There are difficult stories to tell and difficult mysteries to unravel. One of the challenges in the current journalism world is determining when is a story “a story” that deserves mainstream coverage and how do you go about getting the story.
The mystery behind the “disappearance” of Bryce Faulkner and the sole piece of mainstream journalism–by Fox News–provides such a story. In a nutshell, 23-year old Bryce Faulkner is a recent pre-med graduate of Ouachita Baptist University in Arkansas who had a relationship with a Wisconsin man, Travis Swanson. His parents discovered the relationship and now Faulkner is allegedly in a 14-week “ex-gay” program possibly connected to Exodus International, one of the leading players in ex-gay ministry.
The FoxNews story from July 23 asserts that Faulkner was not forced to participate in anything against his will, but he just isn’t talking publicly to anyone while he goes through counseling. Referring to the Swanson as Faulkner’s “gay pal,” the story works to debunk the coerced counseling story being asserted by Swanson and the (rather creepy) website SaveBryce.
Faulkner’s story, and the subsequent story by Fox, have garnered a lot of attention online but little substantive journalism. Sky News–also owned by Rupert Murdoch’s News Corp–had a story about the situation but it appears to be more media synergy than anything else. Discussion of Faulkner’s situation has occurred on Belerico, Daily Kos, Queerty, The Stanger, and Metro Weekly, but with no original reporting.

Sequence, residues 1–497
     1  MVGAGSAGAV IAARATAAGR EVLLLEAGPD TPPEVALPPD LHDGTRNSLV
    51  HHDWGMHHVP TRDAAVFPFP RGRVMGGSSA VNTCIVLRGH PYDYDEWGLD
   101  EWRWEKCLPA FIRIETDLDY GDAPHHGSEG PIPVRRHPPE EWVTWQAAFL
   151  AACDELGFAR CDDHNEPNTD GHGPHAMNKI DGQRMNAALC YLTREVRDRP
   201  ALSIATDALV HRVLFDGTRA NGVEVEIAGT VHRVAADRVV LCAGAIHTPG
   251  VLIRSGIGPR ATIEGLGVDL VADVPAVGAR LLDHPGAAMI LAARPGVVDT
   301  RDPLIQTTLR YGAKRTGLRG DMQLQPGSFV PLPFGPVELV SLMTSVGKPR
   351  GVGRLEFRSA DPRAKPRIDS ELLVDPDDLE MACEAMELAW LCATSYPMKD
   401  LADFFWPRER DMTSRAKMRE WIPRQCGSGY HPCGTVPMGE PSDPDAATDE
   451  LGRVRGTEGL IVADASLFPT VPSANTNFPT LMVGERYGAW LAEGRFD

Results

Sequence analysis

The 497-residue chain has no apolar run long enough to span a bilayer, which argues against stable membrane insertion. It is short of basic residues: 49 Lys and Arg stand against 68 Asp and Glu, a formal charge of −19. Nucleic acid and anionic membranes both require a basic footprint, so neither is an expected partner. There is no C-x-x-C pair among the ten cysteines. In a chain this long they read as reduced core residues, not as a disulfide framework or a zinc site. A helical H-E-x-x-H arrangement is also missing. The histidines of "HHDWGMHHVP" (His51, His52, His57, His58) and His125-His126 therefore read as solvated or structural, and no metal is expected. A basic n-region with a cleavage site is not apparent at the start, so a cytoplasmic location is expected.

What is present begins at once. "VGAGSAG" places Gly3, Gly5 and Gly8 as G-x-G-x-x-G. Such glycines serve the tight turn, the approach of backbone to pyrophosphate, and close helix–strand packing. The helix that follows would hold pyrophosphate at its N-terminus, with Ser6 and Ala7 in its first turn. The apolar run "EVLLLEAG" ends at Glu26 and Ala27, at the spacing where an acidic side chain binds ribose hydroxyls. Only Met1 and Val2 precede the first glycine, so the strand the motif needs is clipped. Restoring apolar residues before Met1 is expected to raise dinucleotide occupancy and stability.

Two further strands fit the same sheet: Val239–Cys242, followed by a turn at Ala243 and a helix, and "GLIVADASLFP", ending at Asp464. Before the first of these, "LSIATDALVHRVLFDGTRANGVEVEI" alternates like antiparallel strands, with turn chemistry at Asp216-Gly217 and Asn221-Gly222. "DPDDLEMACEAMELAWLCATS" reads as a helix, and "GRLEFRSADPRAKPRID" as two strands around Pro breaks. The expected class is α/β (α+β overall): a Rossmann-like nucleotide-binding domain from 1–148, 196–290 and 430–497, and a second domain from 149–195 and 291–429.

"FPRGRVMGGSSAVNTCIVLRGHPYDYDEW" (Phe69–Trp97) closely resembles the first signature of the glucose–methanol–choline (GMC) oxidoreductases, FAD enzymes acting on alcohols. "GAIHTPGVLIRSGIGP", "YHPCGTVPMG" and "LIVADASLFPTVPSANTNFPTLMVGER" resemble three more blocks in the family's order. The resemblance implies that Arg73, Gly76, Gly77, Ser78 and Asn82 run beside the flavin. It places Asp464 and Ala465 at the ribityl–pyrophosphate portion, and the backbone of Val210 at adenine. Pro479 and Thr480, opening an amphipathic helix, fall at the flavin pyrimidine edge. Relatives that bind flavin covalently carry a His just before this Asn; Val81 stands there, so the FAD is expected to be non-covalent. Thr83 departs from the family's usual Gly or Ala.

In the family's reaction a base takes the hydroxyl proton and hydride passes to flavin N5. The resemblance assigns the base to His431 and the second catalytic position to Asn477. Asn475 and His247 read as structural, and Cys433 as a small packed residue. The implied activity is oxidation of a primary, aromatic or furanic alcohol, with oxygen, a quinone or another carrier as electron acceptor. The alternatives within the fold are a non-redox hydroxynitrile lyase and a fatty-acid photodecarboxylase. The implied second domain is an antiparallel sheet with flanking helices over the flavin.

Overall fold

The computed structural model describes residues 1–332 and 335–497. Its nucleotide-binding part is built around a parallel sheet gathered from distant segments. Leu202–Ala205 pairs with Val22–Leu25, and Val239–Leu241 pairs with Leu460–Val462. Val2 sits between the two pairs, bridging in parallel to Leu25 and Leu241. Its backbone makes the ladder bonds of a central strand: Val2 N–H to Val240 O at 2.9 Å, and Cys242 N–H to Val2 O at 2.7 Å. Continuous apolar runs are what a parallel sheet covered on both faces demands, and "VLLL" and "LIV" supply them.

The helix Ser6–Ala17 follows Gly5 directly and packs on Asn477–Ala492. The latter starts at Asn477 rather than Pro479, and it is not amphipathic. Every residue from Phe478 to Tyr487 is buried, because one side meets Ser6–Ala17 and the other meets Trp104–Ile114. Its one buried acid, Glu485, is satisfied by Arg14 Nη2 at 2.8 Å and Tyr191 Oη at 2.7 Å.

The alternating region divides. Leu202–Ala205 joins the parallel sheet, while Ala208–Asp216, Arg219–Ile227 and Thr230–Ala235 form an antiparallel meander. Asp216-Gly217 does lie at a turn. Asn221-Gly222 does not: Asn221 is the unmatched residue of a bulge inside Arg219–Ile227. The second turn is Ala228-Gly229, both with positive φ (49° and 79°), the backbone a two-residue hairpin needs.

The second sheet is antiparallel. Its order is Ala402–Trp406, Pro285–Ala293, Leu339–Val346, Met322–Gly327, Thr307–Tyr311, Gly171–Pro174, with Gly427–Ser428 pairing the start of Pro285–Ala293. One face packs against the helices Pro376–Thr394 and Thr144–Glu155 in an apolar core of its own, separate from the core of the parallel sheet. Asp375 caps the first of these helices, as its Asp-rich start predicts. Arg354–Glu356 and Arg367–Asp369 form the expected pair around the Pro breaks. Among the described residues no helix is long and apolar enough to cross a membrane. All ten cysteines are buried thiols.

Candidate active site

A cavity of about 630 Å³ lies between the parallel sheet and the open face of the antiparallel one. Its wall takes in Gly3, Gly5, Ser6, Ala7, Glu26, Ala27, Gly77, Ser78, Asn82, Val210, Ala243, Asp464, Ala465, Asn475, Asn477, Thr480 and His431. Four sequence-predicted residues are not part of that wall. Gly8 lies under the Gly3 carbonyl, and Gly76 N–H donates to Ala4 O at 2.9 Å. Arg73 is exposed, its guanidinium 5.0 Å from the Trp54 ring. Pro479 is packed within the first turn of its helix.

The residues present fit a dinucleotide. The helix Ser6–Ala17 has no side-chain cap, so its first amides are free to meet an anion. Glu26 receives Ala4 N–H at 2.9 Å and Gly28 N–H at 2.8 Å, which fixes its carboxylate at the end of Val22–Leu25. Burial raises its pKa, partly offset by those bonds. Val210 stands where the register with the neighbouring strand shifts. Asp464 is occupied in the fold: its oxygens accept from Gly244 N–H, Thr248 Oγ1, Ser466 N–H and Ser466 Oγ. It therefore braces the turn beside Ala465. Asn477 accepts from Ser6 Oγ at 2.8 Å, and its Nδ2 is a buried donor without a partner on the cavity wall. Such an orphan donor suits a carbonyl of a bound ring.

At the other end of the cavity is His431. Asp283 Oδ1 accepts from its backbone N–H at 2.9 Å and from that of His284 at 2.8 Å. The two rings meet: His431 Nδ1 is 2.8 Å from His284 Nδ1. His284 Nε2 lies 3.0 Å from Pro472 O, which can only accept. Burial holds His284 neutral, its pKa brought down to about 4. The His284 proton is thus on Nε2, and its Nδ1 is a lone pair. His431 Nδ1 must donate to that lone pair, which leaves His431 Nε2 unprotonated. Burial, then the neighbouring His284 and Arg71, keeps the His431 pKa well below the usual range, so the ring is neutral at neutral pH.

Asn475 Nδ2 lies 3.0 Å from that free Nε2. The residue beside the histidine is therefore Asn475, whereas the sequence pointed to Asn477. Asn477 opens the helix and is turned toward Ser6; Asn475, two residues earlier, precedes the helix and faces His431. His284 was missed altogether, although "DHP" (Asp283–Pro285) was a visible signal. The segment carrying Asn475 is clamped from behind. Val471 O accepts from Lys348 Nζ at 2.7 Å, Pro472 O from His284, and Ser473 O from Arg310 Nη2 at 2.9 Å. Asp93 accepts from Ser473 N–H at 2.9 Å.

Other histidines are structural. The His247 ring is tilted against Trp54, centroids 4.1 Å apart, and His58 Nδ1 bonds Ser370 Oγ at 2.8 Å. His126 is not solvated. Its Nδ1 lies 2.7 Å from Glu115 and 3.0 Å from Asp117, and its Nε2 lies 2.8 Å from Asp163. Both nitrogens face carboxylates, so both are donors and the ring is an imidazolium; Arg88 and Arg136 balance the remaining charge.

I’d love to know why FoxNews is the only mainstream media outlet to cover this story, especially as the story has gone viral. I’m not one of those who believes Fox is part of a giant conservative conspiracy to twist the news; they are a gay-friendly employer whose news coverage is right-of-center in the same way MSNBC is left-of-center. Their interest in the story may reflect their political bent, or it may be quite benign.
What I am curious about is why hasn’t the story attracted journalism–as opposed to new aggregation–from anyone else. Even without Faulkner, the story seems to be a perfect opportunity to talk about ex-gay ministries. It seems like a perfect opportunity to talk about all the issues surrounding coming-out? It would even seem like a great story to evaluate why some stories go viral and others don’t.
Instead, we just have a single story, a rather creepy website, and a treakly Youtube video. The story seems to deserves more.